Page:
I’d admit, on the surface, that is a fairly good tip. There are a ridiculous number of celebrities who have dipped their toes into the children’s literature arena – Madonna, Bill Cosby, Katie Couric, Billy Crystal, Ricky Gervais, Joy Behar, Gloria Estefan, Jeff Foxworthy, Jay Leno, Jerry Seinfeld, Terrell Owens, LeAnn Rimes, Brooke Shields, Maria Shriver, John Travolta, George Foreman, Jimmy Buffett, and Glenn Beck, to only name a small few. (The Atlantic published an intriguing article last year called “Dr. Seuss vs. Madonna: Can Celebrities Write Good Children’s Books?“) While, full disclosure, I haven’t read all of those particular celebrities’ children’s books, I’ve read enough of them to agree with the broad generalization that most celebrities need to realize that just because they CAN write a kids’ book, it doesn’t mean that they SHOULD.

However, the key phrase in that generalization is “MOST celebrities” because, again, if I’m being honest and I HATE to admit this, I DO know some wonderful kids’ books that have been written by celebrities. And, while, yes, MOST celebrities do write underwhelming, self-indulgent, half-assed kids’ books, there are a few legitimately famous people who have written some really strong, savvy children’s titles that I’m proud to have in our home library. So, to add a quick addendum to the whole “avoid celebrity kids’ books” rule, here are my picks for four celebrity children’s book authors who are actually worth a damn.

1. Michael Ian Black

Michael Ian Black

Michael Ian Black

I’m actually surprised that more comedians don’t write children’s books. A strong sense of humor and a skewed worldview seem to be two qualities that both kids’ authors and comedians would share in spades. However, I just haven’t encountered many children’s titles authored by famous comedians and the few I have (I’m thinking of Jay Leno and Jerry Seinfeld‘s books) seemed disjointed, overwrought, and weirdly reliant on the reader having a working knowledge of the comedian’s on-stage persona, which, c’mon, is an odd expectation for the 7 and under crowd. That being said, there are a few professional funny people who have been able to translate their humor for young readers and, case in point, I think Michael Ian Black, in particular, has done a first-class job in really proving that he’s a skilled and shrewd author for children.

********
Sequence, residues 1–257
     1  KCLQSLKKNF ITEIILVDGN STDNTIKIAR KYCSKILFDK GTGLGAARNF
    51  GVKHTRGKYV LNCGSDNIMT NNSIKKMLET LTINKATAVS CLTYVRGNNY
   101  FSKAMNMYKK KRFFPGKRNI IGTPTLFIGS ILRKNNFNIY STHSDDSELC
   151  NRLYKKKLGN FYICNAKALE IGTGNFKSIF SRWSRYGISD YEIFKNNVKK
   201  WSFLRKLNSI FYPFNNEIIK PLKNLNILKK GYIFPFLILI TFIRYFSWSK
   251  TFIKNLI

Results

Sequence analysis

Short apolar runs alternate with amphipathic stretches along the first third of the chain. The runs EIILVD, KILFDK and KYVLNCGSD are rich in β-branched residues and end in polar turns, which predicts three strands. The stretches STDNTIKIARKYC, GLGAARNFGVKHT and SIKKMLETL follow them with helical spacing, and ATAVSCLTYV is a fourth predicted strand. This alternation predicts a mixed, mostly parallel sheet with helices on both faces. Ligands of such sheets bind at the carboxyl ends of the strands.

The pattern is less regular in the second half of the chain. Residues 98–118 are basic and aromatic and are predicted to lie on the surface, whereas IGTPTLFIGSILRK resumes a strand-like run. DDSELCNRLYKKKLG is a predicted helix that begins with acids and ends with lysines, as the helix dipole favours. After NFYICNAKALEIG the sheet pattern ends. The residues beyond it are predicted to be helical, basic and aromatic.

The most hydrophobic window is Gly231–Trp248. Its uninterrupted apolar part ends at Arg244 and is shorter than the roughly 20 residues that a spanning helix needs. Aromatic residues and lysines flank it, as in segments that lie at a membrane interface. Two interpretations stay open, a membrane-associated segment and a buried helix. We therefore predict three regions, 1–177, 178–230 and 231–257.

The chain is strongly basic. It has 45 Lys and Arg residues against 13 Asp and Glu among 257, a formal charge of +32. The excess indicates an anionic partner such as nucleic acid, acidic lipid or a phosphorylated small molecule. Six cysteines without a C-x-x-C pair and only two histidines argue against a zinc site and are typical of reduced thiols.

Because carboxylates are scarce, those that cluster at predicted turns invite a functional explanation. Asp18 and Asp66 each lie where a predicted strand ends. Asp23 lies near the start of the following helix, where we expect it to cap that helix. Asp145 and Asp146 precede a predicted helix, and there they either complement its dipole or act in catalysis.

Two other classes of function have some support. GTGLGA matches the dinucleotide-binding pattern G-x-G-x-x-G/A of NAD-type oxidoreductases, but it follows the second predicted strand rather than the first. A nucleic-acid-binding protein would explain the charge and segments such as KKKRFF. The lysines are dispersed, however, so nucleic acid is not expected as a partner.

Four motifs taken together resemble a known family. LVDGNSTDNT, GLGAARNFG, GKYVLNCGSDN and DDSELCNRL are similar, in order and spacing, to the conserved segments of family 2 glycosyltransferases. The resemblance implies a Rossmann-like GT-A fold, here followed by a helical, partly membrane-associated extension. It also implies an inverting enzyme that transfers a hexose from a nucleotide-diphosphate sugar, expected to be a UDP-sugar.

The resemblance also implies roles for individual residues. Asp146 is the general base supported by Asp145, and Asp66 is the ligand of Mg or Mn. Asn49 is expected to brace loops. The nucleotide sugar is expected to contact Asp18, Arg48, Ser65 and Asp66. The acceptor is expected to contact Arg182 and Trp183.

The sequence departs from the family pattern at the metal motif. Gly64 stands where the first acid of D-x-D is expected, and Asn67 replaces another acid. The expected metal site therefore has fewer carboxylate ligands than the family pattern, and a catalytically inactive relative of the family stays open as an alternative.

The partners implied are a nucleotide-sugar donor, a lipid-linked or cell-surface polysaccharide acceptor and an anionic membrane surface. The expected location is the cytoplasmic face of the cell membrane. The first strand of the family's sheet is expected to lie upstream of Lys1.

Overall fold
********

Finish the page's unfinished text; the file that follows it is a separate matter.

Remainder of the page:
For those unfamiliar, Michael Ian Black is a very funny comic actor and writer whom you know from MTV’s The State, NBC’s Ed, VH1’s “I Love the Decades” series, Wet Hot American Summer, and the Comedy Central series Stella and Michael & Michael Have Issues. He’s also gotten into publishing as of late, releasing a recent essay collection and memoir, and, most importantly to me, authoring some very, very funny picture books. What I really respect about Black’s kids’ books is that he didn’t just take his established comedic persona and try to graft it onto 32-pages of kid-appropriate material. (That’d be like Louis CK trying to do a 10-minute, G-rated set at a Chuck E. Cheese.) Instead, Black took his twisted comedic perspective and used it to create some really fun, silly, and engaging story scenarios that are perfectly suited for a kid’s sensibilities.

The Purple Kangaroo

If a monkey mentions a purple kangatoo, it is surprisingly hard to NOT think about...

In The Purple Kangaroo, Black offers a hysterical riff on the old “don’t think of pink elephants” scenario, in which a very animated monkey talks directly to his readers, promising to read their minds. The monkey then offers an over-the-top description of a crazy purple kangaroo – complete with hula-hoops, roller skates, and more – ends with the declaration that, if you weren’t thinking of a purple kangaroo before, “You’re thinking of one now!” (My daughter reacted to this final punchline like a college student watching the end of The Usual Suspects for the first time. She was delightfully floored.) He also authored Chicken Cheeks, a great picture book about a bear stacking up a bunch of animals to reach some honey – and the majority of the text is just short, extremely funny ways to describe the rear-ends of animals. As the animal tower grows and each creature is forced to deal with the posterior of the animal above them, Black keeps dropping brief phrases like “duck tail,” “moose caboose,” “chicken cheeks,” and “polar bear derriere”, which… it’s a book about finding creative ways to name animal butts – it’s like The Wire for a four-year-old. [read the rest of the post…]